Purro Birik - 26

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Purro Birik - (Healthy Spirit)



Design and construction of the mural


Stage 1

Consultation with the Koori community to determine what images would be culturally appropriate to develop as a mural design. How could we create a design, which was immediately recognisable and welcoming to all Aboriginal people? Were there images that would not be appropriate for a semi-public space? What about acknowledging where individual Koori artists had come from? Did this make their images so personal that other people could not collaborate in work on these images? Was it O.K. for non-Aboriginal people to collaborate in the making of these images?


We had also been asked to include a multicultural aspect to the design. This was challenging, but also made it possible to include the work of non-Aboriginal people in the mural without destroying the integrity and personal nature of the totems. After consultation with the Victorian Transcultural Psychiatry Unit, the handprint was chosen as a simple statement of individuality and culture (or both). Participants would be invited to design a personal mosaic handprint and to have say in its placement in the overall design.


The Koori artists at Splash were given a choice of being solely responsible for their individual designs/totems or inviting other people to participate in their construction. Mostly they were happy and proud for the work to be shared.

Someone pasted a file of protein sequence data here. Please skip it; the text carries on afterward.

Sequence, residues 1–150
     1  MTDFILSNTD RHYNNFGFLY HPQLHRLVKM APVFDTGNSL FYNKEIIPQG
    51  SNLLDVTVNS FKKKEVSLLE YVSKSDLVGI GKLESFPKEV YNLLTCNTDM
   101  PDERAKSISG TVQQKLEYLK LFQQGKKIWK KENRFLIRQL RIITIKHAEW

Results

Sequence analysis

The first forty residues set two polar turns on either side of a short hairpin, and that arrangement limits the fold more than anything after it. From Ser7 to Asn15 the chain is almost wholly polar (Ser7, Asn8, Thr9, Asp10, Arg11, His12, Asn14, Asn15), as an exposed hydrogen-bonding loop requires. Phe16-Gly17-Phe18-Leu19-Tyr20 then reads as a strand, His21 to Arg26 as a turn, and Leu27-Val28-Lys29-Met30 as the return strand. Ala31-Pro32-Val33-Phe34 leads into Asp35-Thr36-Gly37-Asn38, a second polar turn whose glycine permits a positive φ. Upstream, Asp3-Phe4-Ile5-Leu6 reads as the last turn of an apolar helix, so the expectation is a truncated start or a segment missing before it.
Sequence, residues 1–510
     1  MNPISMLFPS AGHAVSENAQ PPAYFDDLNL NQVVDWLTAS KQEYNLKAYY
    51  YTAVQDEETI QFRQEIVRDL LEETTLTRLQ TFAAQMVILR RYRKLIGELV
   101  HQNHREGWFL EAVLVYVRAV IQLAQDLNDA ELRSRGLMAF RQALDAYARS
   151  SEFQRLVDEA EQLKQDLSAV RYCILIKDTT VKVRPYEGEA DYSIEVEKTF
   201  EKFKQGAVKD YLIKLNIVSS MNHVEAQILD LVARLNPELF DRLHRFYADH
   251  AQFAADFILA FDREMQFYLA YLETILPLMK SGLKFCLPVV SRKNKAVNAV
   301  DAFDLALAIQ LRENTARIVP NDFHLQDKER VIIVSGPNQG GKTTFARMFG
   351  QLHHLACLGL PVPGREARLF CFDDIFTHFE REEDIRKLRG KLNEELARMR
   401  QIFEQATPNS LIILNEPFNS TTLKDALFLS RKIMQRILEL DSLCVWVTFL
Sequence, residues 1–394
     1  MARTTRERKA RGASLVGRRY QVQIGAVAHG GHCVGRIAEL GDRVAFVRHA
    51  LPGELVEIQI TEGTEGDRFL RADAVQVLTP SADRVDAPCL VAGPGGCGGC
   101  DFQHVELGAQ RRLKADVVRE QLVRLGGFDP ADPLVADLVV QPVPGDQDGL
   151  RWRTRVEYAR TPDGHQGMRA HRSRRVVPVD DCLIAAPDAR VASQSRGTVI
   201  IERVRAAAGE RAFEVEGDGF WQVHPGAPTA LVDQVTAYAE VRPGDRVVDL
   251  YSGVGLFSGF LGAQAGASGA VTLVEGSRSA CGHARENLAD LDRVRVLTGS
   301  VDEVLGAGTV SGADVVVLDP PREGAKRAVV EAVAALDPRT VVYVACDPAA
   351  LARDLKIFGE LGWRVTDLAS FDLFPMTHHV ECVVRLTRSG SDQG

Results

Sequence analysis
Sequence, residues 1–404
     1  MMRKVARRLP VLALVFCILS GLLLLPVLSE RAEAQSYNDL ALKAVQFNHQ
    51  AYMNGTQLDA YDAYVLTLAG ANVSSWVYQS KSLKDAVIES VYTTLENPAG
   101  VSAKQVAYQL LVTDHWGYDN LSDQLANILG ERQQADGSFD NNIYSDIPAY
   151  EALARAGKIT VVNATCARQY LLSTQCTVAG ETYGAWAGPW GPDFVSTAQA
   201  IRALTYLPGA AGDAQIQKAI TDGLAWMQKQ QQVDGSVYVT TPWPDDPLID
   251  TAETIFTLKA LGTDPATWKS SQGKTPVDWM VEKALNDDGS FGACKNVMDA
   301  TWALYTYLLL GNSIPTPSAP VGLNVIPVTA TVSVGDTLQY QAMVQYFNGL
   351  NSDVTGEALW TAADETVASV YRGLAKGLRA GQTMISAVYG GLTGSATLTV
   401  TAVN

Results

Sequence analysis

A major dilemma after consultation with Wurundjeri people was the inclusion of the Rainbow Serpent and the mixing of Wurundjeri and Yorta Yorta totems. In our efforts to make a design meaningful to all Aboriginal people, we had made the serpent integral to the design. Unfortunately, Wurundjeri people did not recognise the Rainbow Serpent; they felt it to be a symbol of evil. After much discussion and soul searching we agreed on a compromise. We would place the two major Wurundjeri totems - Bunjil the Eagle and Wang the Crow, prominently at the top of the design; the Rainbow Serpent would remain, although we would try to make it less of a feature. It was conceded that ultimately the mural and process were about healing and spiritual and emotional support. Perhaps this was more important than adhering to the rules.


Stage 1 was a process of much revision as various people were consulted. Finally, everyone was happy with the result and we were ready to proceed with construction. It was heartening to hear comments on the completion of the mural, that Koori people did find the design meaningful and that they were proud of it. Also that it was obvious that it wasn't traditional and that this was inclusive and worked well.



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